countries would
        > understand.
        >
        > "Collision insurance" and "compulsory vehicle insurance" are very
        basic terms
        > that can be interpreted correctly by people, even if their own
        country uses a
        > different system.
        >
        > In some places, "Fully Comprehensive" insurance not only covers
        accidents,
        > but also covers broken vandalism and theft of objects inside the
        car. That is
        > not "havarijni pojisteni".
        >
        > Jamie
        >
        >
        > [Non-text portions of this message have been removed]

        I agree with Jamie; however, I would tend to favor "mandatory
        liability insurance" over "compulsory vehicle insurance," as this
        makes it quite clear what time of insurance is actually mandatory.
        Further, the word "compulsory" works better in the context of public
        schools and Olympic figure skating.

        Cheers!
      • JPKIRCHNER@aol.com
        ... Mandatory is a good word to use here too, but liability does not designate that the insurance applies to vehicles (which the Czech term did). As you
        Message 3 of 8 , Aug 2, 2003
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          In a message dated 8/2/03 1:28:39 PM, bezdomovci@... writes:

          >I agree with Jamie; however, I would tend to favor "mandatory
          >liability insurance" over "compulsory vehicle insurance," as this
          >makes it quite clear what time of insurance is actually mandatory.

          "Mandatory" is a good word to use here too, but "liability" does not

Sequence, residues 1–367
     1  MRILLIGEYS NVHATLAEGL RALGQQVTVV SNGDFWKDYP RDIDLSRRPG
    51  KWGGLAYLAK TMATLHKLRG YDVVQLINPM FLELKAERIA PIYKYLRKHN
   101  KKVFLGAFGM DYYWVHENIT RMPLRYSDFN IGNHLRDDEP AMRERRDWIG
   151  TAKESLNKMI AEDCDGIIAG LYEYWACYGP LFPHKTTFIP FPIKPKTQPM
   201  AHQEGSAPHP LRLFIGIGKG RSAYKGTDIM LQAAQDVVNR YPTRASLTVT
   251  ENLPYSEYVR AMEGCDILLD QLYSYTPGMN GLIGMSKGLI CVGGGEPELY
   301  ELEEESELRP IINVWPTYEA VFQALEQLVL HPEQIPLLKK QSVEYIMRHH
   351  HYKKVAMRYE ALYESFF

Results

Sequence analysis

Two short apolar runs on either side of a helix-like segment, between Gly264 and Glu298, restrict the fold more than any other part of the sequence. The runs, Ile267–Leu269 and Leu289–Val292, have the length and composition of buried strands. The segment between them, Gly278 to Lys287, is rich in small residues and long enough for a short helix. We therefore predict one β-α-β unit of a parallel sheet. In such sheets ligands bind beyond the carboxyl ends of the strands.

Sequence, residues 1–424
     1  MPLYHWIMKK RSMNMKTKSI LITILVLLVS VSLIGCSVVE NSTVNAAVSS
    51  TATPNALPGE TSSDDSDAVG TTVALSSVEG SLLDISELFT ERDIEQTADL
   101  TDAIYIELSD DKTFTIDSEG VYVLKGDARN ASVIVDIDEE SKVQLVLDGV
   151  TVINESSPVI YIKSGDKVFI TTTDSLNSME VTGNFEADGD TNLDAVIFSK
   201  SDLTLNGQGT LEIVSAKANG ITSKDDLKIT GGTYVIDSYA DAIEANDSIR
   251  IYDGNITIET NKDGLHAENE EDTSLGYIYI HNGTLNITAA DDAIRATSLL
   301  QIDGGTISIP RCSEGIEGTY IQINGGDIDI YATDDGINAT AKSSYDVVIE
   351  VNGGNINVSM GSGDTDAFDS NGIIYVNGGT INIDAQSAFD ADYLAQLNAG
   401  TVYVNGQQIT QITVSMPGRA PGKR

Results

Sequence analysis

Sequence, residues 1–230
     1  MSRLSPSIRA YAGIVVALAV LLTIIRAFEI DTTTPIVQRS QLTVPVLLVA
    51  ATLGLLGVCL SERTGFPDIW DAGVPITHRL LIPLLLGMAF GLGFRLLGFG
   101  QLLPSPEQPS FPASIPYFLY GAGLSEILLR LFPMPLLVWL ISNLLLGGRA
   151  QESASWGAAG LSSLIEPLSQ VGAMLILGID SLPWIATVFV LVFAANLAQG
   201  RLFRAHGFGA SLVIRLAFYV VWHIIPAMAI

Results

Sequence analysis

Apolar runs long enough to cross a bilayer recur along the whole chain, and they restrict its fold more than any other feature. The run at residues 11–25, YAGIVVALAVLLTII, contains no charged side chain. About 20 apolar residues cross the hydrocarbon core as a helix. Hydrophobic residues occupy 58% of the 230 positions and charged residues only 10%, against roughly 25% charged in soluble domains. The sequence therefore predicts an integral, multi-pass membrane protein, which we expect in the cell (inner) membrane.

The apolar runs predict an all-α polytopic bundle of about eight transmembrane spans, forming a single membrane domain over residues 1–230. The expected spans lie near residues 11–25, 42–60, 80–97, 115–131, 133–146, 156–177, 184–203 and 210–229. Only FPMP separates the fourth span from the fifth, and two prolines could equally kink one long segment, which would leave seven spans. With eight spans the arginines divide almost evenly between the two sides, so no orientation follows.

designate that the insurance applies to vehicles (which the Czech term did). As you
          know, you can have liability insurance for almost anything, including chocolate
          you've manufactured or the sidewalk in front of your house.

          >Further, the word "compulsory" works better in the context of public
          >schools and Olympic figure skating.

          I don't agree. I think "mandatory" and "compulsory" also work okay in an
          insurance context.

          Jamie
        • kanadan2003
          ... not ... term did). As you ... including chocolate ... public ... okay in an ... Jo, ovsem, ze tam patri i slovo vehicle a nevim proc jsem to tam
          Message 4 of 8 , Aug 2, 2003
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            --- In Czechlist@yahoogroups.com, JPKIRCHNER@a... wrote:
            >
            > In a message dated 8/2/03 1:28:39 PM, bezdomovci@e... writes:
            >
            > >I agree with Jamie; however, I would tend to favor "mandatory
            > >liability insurance" over "compulsory vehicle insurance," as this
            > >makes it quite clear what time of insurance is actually mandatory.
            >
            > "Mandatory" is a good word to use here too, but "liability" does
            not
            > designate that the insurance applies to vehicles (which the Czech
            term did). As you
            > know, you can have liability insurance for almost anything,
            including chocolate
            > you've manufactured or the sidewalk in front of your house.
            >
            > >Further, the word "compulsory" works better in the context of
            public
            > >schools and Olympic figure skating.
            >
            > I don't agree. I think "mandatory" and "compulsory" also work
            okay in an
            > insurance context.
            >
            > Jamie

            Jo, ovsem, ze tam patri i slovo "vehicle" a nevim proc jsem to tam
            zapomel. Takze by to melo byt "mandatory vehicle liability
            insurance."

            Na zdravi!